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Dixie
25-10-07, 16:10
Red vs Yellow. League game - total mismatch. Final score 0-83 to red.

Two questions: firstly, the ref shaved about 5 minutes from each half. Is this acceptable practice in a league match, where points difference may ultimately become a factor in the title race?

Secondly, with red able to score from deep, they were running everything. After a rare break into the red 22, by yellow #15, red recovered the ball and set up a ruck about 30m from their own line, from which they got quick ball. The retiring yellow #15 found himself in the way of the pass from red #9 to red #10, and deliberately kicked the ball to prevent the pass being completed. The ref yellow carded him. Was this an appropriate response to what Yellow insisted was a light-hearted moment of mock-despair from #15?

Gareth-Lee Smith
25-10-07, 16:10
First question: if there's no scope for it in the League's regulations then no. However, if both teams agree to it then maybe, it's a fine line. In Junior rugby, however, I'm told to cut the first half short if one team is being hammered, just so they get a second half.

Second question: Interesting one. Penalty for offside perhaps (it appears that you're describing a loitering player, albeit a retiring one?), and maybe a YC depending on how cynical the ref felt the act was. If Red were already a million points up and there was no reaction from the Red team then I don't see the problem and perhaps a penalty was enough.

Emmet Murphy
25-10-07, 17:10
Are you certain the ref cut the time in each half? Sometimes it can seem that way - especially if he is not signalling clearly for time off and time on after stoppages. As for whether it is okay in principle, it would depend a lot on if there is a maximum score - many leagues that I ref in have maximum scores and once we go past that by about 15-20 points I'm usually asked to end the match

PaulDG
25-10-07, 17:10
League or Merit Table?

We're told it's up to the captains in Merit Table games - if they've had enough 10 minutes into the second half and both agree, that's "full time".

Simon Thomas
25-10-07, 17:10
In English NCC (the Leagues) there is no option to cut time - you must play the full 80 mins.

In Merit Tables some organisers agree to have maximum scroes.
For Youth rugby it is usually specified in League, Merit table or Cup Rules what max score is (often 50 pts) before you stop it.

As for YC for yellow # 15 - I would have penalised and admonished (as well as sympathised). YC seems a bit harsh.

PeterH
25-10-07, 19:10
I was heavily criticised last year for YC'ing the (heavily) losing skipper for his 3rd killing the ball - at that point they were maybe 50 down in a L10 (ish) 2nd team game...

The away side turned up with 10 - had 4 lent them and played - the watching Northern Fed guy (very well regarded in our Soc) said what I did was ridiculous and that there had been no need for it as it had no material effect...

Padster
25-10-07, 20:10
In youth matches we have been advised that if the score gets to 50pts then we should be asking the losing side coach if they wish to carry on. There is little point in prolonging their agony.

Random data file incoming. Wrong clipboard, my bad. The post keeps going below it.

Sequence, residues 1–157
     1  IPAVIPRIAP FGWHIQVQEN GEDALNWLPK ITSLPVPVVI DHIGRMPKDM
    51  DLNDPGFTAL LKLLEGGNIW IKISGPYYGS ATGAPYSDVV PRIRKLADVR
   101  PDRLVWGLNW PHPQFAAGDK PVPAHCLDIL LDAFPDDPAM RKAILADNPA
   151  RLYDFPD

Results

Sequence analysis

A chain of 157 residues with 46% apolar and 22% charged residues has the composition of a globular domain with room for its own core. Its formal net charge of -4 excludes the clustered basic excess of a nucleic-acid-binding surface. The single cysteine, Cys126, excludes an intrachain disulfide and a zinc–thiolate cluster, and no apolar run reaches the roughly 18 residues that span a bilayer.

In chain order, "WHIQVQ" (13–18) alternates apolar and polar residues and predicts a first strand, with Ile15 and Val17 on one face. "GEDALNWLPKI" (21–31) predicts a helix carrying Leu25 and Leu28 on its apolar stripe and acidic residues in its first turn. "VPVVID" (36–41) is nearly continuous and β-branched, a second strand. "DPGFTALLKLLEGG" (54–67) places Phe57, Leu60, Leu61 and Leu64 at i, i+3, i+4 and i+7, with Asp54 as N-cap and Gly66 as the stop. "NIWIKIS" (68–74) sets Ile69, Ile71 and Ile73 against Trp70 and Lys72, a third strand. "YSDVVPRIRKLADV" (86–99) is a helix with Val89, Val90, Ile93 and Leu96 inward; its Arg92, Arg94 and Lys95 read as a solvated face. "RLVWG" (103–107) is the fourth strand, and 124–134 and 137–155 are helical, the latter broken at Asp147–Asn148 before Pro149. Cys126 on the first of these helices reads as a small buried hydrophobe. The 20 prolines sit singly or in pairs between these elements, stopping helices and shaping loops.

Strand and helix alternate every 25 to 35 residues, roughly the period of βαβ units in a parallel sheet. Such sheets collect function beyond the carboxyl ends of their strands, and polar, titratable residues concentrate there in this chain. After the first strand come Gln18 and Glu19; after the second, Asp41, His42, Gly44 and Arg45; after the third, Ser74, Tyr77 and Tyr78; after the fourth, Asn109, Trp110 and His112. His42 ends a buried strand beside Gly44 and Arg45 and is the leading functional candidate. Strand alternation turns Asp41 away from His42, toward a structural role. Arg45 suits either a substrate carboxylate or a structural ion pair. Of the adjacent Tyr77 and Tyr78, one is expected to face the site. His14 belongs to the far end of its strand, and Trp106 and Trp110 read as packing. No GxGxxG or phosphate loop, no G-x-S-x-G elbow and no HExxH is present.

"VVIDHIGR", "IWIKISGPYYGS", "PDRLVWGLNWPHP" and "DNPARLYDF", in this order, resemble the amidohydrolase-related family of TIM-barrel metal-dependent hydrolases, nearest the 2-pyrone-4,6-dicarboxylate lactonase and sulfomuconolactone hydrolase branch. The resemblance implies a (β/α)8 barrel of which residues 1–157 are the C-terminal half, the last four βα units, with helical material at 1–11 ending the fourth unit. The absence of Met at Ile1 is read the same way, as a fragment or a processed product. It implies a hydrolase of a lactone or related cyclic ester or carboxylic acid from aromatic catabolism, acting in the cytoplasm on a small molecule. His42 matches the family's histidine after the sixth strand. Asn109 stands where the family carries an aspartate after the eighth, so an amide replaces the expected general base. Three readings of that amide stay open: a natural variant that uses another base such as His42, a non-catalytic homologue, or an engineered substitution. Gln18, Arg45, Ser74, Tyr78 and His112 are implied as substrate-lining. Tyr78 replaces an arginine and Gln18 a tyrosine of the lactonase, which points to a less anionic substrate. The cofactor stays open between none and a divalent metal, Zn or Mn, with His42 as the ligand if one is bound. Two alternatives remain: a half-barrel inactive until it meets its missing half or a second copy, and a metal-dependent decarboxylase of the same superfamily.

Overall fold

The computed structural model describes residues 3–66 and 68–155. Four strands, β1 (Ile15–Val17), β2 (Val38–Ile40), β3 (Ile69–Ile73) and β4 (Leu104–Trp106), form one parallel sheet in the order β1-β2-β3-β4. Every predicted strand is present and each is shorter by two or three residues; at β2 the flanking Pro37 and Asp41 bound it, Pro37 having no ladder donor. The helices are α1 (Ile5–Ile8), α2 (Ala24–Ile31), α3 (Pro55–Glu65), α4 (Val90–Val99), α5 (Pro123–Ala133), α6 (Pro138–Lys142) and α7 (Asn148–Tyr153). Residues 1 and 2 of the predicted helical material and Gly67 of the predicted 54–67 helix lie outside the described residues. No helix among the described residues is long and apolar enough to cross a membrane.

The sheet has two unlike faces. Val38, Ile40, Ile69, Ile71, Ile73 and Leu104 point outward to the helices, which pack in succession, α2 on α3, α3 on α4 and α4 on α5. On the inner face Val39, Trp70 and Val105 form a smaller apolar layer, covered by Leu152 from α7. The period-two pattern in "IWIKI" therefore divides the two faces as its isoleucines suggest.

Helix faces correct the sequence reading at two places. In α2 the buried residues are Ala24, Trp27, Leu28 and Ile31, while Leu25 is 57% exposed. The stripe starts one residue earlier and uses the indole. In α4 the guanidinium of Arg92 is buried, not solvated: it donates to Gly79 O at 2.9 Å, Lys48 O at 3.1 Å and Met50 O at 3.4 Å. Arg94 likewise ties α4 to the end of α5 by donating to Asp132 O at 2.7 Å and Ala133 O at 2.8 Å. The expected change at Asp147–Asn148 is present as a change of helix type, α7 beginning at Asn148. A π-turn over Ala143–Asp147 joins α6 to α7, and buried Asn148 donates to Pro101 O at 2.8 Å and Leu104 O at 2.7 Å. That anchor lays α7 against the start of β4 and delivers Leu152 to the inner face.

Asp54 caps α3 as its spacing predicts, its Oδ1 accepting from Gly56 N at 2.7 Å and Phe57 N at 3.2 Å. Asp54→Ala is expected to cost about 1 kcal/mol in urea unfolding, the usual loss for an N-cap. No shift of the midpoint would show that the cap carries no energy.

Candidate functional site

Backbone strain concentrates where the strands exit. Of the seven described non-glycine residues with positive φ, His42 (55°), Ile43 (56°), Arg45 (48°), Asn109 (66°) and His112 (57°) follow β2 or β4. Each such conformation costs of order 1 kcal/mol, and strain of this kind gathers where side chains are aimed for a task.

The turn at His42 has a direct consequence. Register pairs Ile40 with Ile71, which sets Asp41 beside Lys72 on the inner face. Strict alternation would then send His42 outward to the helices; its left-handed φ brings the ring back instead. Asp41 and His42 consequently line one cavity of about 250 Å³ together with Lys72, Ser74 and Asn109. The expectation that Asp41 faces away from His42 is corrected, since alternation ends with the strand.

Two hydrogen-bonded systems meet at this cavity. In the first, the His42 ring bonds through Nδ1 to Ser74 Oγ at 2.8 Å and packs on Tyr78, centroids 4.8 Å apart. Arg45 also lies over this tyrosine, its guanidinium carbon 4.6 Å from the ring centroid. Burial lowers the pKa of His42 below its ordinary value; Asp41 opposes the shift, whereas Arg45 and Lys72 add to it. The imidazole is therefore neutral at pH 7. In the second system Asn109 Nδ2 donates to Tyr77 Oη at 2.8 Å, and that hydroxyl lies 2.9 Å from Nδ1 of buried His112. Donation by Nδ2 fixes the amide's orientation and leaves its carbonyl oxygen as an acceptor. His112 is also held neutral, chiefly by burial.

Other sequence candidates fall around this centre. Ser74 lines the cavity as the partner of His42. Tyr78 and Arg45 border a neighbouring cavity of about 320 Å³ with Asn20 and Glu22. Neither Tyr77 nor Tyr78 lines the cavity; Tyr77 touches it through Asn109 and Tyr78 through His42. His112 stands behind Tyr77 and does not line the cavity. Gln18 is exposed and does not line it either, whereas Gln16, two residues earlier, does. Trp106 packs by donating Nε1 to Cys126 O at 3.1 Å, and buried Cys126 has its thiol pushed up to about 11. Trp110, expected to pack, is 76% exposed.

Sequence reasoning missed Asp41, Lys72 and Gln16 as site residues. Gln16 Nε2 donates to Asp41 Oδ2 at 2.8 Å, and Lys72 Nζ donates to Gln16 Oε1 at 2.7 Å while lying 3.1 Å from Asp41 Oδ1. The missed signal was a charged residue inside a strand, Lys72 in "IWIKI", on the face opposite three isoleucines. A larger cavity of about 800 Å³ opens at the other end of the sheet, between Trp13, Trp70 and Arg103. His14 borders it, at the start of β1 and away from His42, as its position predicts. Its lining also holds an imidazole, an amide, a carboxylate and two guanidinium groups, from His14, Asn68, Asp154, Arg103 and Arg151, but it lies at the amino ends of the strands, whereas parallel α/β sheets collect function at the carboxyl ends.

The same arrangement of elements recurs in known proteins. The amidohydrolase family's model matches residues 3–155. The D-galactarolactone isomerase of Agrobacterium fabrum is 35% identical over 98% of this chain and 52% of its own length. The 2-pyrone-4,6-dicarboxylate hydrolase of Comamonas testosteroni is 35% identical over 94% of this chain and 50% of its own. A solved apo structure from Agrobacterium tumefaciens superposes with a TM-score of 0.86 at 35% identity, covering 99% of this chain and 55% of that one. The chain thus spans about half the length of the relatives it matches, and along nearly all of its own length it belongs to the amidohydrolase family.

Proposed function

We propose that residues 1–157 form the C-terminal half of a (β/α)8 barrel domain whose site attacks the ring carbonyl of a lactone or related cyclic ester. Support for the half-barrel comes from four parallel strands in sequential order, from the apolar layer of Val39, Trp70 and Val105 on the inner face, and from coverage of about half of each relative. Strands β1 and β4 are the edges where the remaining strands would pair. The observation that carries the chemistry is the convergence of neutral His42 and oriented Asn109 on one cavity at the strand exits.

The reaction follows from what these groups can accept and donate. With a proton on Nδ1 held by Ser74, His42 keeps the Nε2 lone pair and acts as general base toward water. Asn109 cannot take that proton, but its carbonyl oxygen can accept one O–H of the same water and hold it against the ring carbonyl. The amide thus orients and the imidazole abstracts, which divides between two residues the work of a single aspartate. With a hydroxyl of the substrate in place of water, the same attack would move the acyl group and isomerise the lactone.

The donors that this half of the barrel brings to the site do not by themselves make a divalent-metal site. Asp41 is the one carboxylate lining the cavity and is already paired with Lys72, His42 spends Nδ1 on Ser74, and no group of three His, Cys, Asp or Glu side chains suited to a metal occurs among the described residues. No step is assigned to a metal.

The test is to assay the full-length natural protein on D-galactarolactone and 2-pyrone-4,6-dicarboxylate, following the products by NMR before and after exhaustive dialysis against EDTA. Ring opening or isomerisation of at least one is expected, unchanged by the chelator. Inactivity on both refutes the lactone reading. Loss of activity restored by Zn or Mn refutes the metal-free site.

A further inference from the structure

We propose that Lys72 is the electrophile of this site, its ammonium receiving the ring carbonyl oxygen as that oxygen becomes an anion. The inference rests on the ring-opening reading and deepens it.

Greg Collins
26-10-07, 08:10
I was heavily criticised last year for YC'ing the (heavily) losing skipper for his 3rd killing the ball - at that point they were maybe 50 down in a L10 (ish) 2nd team game...

The away side turned up with 10 - had 4 lent them and played - the watching Northern Fed guy (very well regarded in our Soc) said what I did was ridiculous and that there had been no need for it as it had no material effect...

By that logic you should, once the margin is 50 points or more, simply ignore all the loosing side's forward passes, knock ons and foul play, as they are having no material effect either....

Materiality is, as debated in other threads, best left for the higher levels.

Greg Collins
26-10-07, 08:10
In youth matches we have been advised that if the score gets to 50pts then we should be asking the losing side coach if they wish to carry on. There is little point in prolonging their agony.

Barring the Daily Mail Cup games for youth rugby we are advised to carry on until the bitter end even though the league only records a maximum of a 40 point differential.

PaulDG
26-10-07, 09:10
In youth matches we have been advised that if the score gets to 50pts then we should be asking the losing side coach if they wish to carry on. There is little point in prolonging their agony.

Just a FYI as it appears many do not know this, in Continuum (RFU U7-U12) matches once the gap exceeds 30 points you must stop the game.

The RFU considers continuing at that point to be a breach of the Duty of Care to the kids involved.

PeterH
26-10-07, 09:10
By that logic you should, once the margin is 50 points or more, simply ignore all the loosing side's forward passes, knock ons and foul play, as they are having no material effect either....

Materiality is, as debated in other threads, best left for the higher levels.

Couldn't agree more Greg - obviously the "better" side were getting a little annoyed with him - I YC'ed him for his own safety as much as anything... when I spoke to another senior ref at the Soc... he didn't agree with the other chap but ...
Since then - I ref a bit differently...

Greg Collins
26-10-07, 12:10
Since then - I ref a bit differently...

If you're picking up L7 games on your 9+2 I should hope so too;)

That said I find the aftermatch/pitch side hints'n'tips given by fed members to lowly refs to be either sheer genius or totally inappropriate with little falling in between. I guess we each have to simply referee our own games as we see fit on the day.

PeterH
26-10-07, 13:10
If I remember right - I seem to recall this Fed man giving 83 penalties many moons ago in a L1 game where I had just walked off the 2's pitch and watched for 15 mins :) (before YC's)

I took it with a pinch of salt - but he is one the man who counts in our Soc... I have tried to applied it a little as materiality is summat I keep hearing :)